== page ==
For nearly as long as there have been humans, those humans have had pets. Our affinity for our animal companions is not new, but our understanding of our relationship with these animals has undoubtedly evolved. Our connection to these animals can be as rich and complex as our relationships with one another.
There are many reasons why we might choose to have a pet in our lives. First and foremost, they are wonderful companions. They are there when we arrive home after a long day. They’re there when our hearts are broken. They’re there when we meet our newest love interest and when we bring the new baby home from the hospital. We talk, they listen. They seem to have an innate ability to sense our moods and offer comfort when we need it most. They can be deeply intuitive.
Often we read news stories of animals who have saved the lives of their companions. These loyal creatures have given warnings about fires and natural disasters. Dogs, in particular, have led rescuers to find lost children and helped in disaster recovery efforts. As almost anyone who has ever bonded with an animal can tell you, the relationships we form with our animal friends are quite extraordinary. We’ve all seen the videos of servicemen and women returning home after a long absence to be greeted by their ever faithful companions.
Research shows that having a pet can be beneficial to our health, both physically and mentally. Thirty years ago, psychologist Alan Beck and psychiatrist Aaron Katcher ran a study measuring the human physiological response to petting a friendly dog. They found that it lowered participants’ blood pressure, slowed their breathing and heart rate, and relaxed their muscle tension. The study concluded that petting and playing with animals helps relieve stress. Having a pet has been found to improve overall mental wellbeing for many individuals. For some, the relationship goes beyond being a companion animal to actually being therapeutic. Emotional support animals have been shown to help individuals with PTSD, anxiety, depression, and other severe mental health conditions. Studies have shown that they helped them manage their emotions and offered a distraction from the symptoms of their mental health conditions.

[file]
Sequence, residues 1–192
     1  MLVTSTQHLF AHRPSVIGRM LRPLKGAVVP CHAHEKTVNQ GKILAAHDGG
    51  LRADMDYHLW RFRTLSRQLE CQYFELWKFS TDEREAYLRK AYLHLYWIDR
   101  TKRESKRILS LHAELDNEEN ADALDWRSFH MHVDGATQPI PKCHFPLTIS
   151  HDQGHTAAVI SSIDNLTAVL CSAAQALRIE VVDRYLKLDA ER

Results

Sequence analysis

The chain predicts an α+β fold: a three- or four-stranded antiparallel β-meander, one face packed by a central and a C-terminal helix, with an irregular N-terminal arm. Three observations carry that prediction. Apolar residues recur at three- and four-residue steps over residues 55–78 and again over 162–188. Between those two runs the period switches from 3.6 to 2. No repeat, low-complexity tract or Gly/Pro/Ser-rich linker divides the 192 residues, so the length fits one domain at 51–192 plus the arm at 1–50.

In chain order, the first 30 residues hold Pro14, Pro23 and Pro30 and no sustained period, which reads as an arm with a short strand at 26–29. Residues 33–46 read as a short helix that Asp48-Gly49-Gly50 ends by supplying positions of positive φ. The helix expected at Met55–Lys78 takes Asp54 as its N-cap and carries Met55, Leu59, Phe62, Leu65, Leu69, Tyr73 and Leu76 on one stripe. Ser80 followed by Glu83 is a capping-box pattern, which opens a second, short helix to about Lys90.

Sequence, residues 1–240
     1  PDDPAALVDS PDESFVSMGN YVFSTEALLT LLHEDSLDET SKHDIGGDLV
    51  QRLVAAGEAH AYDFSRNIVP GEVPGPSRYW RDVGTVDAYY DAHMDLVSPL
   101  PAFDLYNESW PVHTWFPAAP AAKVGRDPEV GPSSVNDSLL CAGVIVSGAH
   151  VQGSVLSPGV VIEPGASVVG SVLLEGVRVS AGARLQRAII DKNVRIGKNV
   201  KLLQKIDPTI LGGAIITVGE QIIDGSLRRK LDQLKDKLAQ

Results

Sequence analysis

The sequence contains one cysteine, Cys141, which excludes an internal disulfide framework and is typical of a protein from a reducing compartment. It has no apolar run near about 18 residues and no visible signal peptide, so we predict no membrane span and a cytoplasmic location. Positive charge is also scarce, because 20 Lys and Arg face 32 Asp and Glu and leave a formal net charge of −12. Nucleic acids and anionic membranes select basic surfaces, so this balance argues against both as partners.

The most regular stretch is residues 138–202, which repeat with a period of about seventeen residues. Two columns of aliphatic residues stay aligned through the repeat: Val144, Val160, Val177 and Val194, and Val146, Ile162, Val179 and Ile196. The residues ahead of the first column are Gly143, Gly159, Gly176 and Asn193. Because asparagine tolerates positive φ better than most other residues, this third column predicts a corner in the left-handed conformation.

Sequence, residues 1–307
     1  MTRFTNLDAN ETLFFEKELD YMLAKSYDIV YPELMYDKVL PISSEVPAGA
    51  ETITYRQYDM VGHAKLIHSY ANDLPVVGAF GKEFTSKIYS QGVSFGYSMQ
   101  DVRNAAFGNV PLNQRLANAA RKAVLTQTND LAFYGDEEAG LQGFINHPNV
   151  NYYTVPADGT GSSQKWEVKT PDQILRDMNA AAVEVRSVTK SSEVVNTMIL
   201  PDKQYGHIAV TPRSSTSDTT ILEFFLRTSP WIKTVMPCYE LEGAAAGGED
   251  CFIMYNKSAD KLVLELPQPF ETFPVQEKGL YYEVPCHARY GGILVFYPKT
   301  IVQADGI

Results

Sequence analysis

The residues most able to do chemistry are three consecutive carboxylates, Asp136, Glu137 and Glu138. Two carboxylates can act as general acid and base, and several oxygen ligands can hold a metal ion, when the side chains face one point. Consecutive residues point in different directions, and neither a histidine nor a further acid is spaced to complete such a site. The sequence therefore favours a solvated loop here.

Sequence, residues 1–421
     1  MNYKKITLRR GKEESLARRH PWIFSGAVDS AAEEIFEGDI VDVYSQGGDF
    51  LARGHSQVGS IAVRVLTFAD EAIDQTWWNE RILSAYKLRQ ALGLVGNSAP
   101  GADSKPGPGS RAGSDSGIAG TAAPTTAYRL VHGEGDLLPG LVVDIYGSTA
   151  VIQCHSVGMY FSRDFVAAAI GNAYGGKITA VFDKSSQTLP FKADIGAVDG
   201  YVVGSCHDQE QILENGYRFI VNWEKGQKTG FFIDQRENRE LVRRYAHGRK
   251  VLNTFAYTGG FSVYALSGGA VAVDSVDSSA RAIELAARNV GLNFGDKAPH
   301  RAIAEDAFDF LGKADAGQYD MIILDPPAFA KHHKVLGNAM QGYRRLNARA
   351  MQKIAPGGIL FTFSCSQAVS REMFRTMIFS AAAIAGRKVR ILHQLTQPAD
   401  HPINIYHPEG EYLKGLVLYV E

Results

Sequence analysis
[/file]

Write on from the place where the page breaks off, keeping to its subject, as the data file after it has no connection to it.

Recently, the American Psychological Association published the results of three studies that found that having a pet can increase self-esteem and wellbeing. Our animal companions make us feel needed and less lonely. They can help us improve our physical health as well as our emotional health. Taking your dog for walks provides regular physical activity, a chance to get outdoors, and an opportunity to meet others and connect with the community. Taking care of our pets provides us with a daily routine and a sense of control.
But as almost anyone who has ever bonded with an animal can tell you, the relationships we form with our animal friends are well beyond any health benefits they may offer. We’ve all seen the videos of servicemen and women returning home after a long absence to be greeted by their ever faithful dogs. The excitement the dog displays at seeing their human companion is so touching. Our pets give us unconditional love and acceptance, and we should all strive to love as unconditionally as they do.
For more by Michelle Beltran, please visit: https://michellebeltran.org/